Tag Archives: Professors

Booth in the time of covid-19

When I imagined my final quarter at Booth, it looked something like this: I would be relieved of most leadership positions (having passed the torch to the Class of 2021) and finished with my graduation requirements, leaving me to take four purely elective classes (including one at the Law School) and TA for a fifth. I would spend the balance of my time making memories with the peers who have become lifelong friends, while exploring Chicago before I move back home to Boston following graduation in June.

When I imagined my final quarter at Booth, it certainly did not look like this: taking all of my classes remotely via Zoom, while sheltering-in-place inside a 600 square foot apartment, constantly thinking about the health and safety of my family, friends, and others in the world.

While none of us imagined finding ourselves in this position, it has first and foremost served as a reminder that I am privileged to be at an institution as well-resourced as the University of Chicago, where we have access to the best medical care, and a community as strong as the one at Booth. In the roughly ten days since the announcement that Spring Quarter will be entirely online, a new normal has set in. To paint a better picture, I wanted to share a couple vignettes depicting just what that has meant for my day-to-day…

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Can Economics Save the World?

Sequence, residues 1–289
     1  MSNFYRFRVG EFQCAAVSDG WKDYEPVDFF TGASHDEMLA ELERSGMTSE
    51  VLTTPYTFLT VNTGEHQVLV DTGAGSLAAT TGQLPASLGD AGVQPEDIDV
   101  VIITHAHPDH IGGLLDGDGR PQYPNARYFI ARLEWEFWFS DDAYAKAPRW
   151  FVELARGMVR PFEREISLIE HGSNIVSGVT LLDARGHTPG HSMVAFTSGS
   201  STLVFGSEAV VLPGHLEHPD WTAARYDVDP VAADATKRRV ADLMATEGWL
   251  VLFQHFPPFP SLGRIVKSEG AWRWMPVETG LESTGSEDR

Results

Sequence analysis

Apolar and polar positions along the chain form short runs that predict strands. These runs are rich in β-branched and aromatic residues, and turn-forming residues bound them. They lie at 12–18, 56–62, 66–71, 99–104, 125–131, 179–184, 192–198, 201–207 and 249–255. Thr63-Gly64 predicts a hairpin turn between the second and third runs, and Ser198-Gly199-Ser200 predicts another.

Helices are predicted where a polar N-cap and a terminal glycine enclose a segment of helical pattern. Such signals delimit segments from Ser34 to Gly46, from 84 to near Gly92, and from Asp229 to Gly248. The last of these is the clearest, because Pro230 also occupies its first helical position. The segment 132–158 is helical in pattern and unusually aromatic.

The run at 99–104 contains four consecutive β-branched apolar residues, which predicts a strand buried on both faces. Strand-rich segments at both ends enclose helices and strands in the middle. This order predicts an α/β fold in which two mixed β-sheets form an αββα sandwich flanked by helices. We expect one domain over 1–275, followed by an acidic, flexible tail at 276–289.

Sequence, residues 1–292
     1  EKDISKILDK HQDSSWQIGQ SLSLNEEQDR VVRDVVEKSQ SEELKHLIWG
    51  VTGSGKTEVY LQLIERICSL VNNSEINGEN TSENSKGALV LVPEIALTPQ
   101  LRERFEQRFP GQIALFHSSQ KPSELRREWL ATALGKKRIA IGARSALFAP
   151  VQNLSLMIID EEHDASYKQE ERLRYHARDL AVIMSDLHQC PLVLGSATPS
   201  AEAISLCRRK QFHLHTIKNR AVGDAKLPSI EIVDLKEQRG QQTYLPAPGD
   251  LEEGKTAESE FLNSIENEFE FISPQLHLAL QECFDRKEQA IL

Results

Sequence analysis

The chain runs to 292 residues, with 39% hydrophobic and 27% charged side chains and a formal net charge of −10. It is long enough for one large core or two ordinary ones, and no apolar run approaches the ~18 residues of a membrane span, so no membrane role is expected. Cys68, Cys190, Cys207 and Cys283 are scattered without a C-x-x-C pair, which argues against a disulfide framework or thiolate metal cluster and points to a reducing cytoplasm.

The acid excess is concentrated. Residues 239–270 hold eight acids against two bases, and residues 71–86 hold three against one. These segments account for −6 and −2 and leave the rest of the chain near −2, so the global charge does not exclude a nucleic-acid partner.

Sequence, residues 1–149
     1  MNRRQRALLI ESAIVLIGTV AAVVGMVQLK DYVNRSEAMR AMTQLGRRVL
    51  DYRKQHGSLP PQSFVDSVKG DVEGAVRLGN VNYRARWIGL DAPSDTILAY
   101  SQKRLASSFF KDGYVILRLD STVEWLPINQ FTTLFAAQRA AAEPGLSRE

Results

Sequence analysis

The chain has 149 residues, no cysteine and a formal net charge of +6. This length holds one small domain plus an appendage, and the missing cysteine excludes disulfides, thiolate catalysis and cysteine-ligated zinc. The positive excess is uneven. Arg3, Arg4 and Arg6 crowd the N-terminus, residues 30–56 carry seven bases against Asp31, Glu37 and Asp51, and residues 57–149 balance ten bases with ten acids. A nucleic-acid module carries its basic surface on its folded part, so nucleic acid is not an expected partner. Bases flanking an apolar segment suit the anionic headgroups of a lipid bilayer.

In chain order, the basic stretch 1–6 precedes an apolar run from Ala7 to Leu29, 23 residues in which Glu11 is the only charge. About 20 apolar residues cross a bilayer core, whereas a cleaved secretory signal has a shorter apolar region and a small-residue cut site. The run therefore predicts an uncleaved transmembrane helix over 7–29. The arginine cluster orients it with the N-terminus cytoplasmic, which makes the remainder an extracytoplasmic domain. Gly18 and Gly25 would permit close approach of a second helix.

The University of Chicago has been the home of groundbreaking economics research for decades. The school boasts several Nobel-prize winning professors, two of whom are currently active members of Chicago Booth faculty—Eugene Fama and Richard Thaler. In addition, the school has been a staunch advocate for free speech and has constantly empowered students to ask tough questions. Such a rich culture and history makes the school the center of active debate on pressing issues related to economics and beyond. To carry this tradition forward, the school hosted Professor Abhijit Banerjee, the 2019 recipient of the Nobel Prize for Economics to discuss whether or not “Economics Can Save the World.”

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30 years of LEAD: Reflecting with Professor Harry Davis

Chicago Booth is known for its flexible curriculum, which allows students to curate a tailored MBA experience by picking and choosing the courses they want to do. In fact, there is only one class that is mandatory for everyone: Leadership Effectiveness and Development (LEAD). The course is designed to enhance one’s self-awareness and interpersonal effectiveness by working in teams and going through modules such as cross-cultural communication, personality development, and feedback and coaching.

Each year, 40 second-year students (called LEAD facilitators) are selected by faculty to design and deliver this flagship course to an incoming class of ~600 students. I had the pleasure of being a LEAD facilitator this year, an experience that has been the highlight of my time at business school.

But in a school that is known for cutting-edge research in finance and economics—and has faculty that is at the forefront of their fields—why is a student-run course on leadership the only mandatory class? I got the amazing opportunity to sit down with Professor Harry Davis to reflect on the journey of LEAD, 30 years after he started the program in 1989.

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Best Booth Moment: Rajan vs Rajan – The Squash Game that Wasn’t

Our Best Booth Moment Series continues with students sharing their favorite memories of Booth faculty outside of the classroom.

When I arrived at Booth I never expected to pit myself in fierce competition against any professor. Much less Professor Raghuram Rajan, Katherine Dusak Miller Distinguished Service Professor of Finance, 23rd Governor of the Reserve Bank of India, and former Chief Economist and Director of Research at the International Monetary Fund. And, most importantly, amateur squash player.

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